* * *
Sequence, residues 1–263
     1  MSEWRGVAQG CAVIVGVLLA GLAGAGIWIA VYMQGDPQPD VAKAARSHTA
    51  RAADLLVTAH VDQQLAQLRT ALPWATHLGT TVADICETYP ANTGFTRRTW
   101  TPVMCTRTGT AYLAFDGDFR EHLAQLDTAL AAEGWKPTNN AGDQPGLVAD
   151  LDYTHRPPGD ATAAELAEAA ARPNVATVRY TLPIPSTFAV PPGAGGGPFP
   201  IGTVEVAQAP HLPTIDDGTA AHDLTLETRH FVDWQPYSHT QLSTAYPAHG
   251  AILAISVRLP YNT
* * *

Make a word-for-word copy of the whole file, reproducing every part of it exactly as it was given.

Sequence, residues 1–263
     1  MSEWRGVAQG CAVIVGVLLA GLAGAGIWIA VYMQGDPQPD VAKAARSHTA
    51  RAADLLVTAH VDQQLAQLRT ALPWATHLGT TVADICETYP ANTGFTRRTW
   101  TPVMCTRTGT AYLAFDGDFR EHLAQLDTAL AAEGWKPTNN AGDQPGLVAD
   151  LDYTHRPPGD ATAAELAEAA ARPNVATVRY TLPIPSTFAV PPGAGGGPFP
   201  IGTVEVAQAP HLPTIDDGTA AHDLTLETRH FVDWQPYSHT QLSTAYPAHG
   251  AILAISVRLP YNT